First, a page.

“But first tonight, the contentious new code telling nurses to say ‘sorry for being white’ when treating their Indigenous patients.
That’s how Today Tonight Adelaide began last night.
— TodayTonightAdelaide (@TodayTonightSA) March 23, 2018
“Now, it’s the latest in a string of politically correct changes for the health industry, but this one has led to calls for the Nursing Board boss to resign.”
It was followed by a five minute story with the new code being condemned by someone you’ve probably never heard of, Graeme Haycroft, explaining that: “According to how the code is written, the white nurse would come in and say, ‘before I deal with you, I have to acknowledge to you that I have certain privileges that you don’t have” followed by Cory Bernardi calling it divisive.
It goes on in this vein for a full five minutes before it cuts back to the presenter, who finally says, “The Nursing and Midwifery Board has told us that the code was drafted in consultation with Aboriginal groups and has been taken out of context as it’s not a requirement for health workers to declare or apologise for white privilege”.
And just to reinforce that point, the entire premise for the segment was false. There is no requirement for nurses to apologise for being white, which would be very awkward for the more the more than 1500 Indigenous nurses across Australia, and the countless others who also aren’t white to begin with. But, even for the nurses who are – THERE IS NO REQUIREMENT FOR THEM TO APOLOGISE FOR BEING WHITE.
So, why on Earth would Today Tonight run such a story?
Why would they base a story off the demonstrably false allegations of this Graeme Haycroft person?
To answer that, it might useful to cut back to a 2005 Sydney Morning Herald story about Mr Haycroft:
“A member of the National Party and the H.R. Nicholls Society, he (Mr Haycroft) boasts that, because of a tussle he had with the Australian Workers Union 15 years ago, the union does not have a single member shearing sheep in south-western Queensland today.
Now he runs a labour hire firm with a thriving sideline in moving small-business employees off awards and collective agreements and onto the Federal Government’s preferred individual contracts, Australian Workplace Agreements.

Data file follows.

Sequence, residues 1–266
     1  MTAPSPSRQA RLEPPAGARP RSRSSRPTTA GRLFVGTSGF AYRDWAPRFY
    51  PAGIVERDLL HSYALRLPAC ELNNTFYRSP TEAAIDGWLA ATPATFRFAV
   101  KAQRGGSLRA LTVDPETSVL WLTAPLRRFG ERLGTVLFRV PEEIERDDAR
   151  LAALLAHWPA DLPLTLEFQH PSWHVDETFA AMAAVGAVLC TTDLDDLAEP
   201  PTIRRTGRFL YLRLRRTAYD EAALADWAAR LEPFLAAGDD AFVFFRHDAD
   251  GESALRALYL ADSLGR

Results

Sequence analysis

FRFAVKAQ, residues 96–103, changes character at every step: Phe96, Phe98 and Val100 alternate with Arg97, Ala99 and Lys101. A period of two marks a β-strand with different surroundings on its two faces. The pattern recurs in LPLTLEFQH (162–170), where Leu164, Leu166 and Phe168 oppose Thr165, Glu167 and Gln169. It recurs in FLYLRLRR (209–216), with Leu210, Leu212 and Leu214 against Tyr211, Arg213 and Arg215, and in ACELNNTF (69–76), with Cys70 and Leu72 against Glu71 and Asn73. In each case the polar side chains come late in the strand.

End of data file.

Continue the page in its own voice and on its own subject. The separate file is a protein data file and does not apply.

…Mr Haycroft’s business stands out because he is targeting lower-skilled, lower-paid workers, often with poor English – the people unions say have much to fear from individual contracts.”
Cut back to 2018, and Graeme Haycroft now runs the Nurses Professional Association of Queensland, which promotes itself as an alternative to the Qld Nurses Union.
So, a man with a long history of fighting Unions, who ‘saved’ the mushroom farming business by showing businesses how to move “small-business employees off awards and collective agreements and onto the Federal Government’s preferred individual contracts, Australian Workplace Agreements.”
According to the 2005 article, “Mr Haycroft said workers had been more than happy to sign on, most with their penalty rates, holiday pay and other conditions being rolled into a flat rate.”
“However, [there is always a ‘however’], Mr Haycroft was stripped of his preferred provider status with the Office of the Employment Advocate on Thursday, after a Sydney picker, Carmen Walacz Vel Walewska, said she was sacked after she contacted the Australian Workers Union for advice on AWAs.”
With that track record, it’s hard to imagine why nurses would want to leave their current union in favour of his ‘professional association’.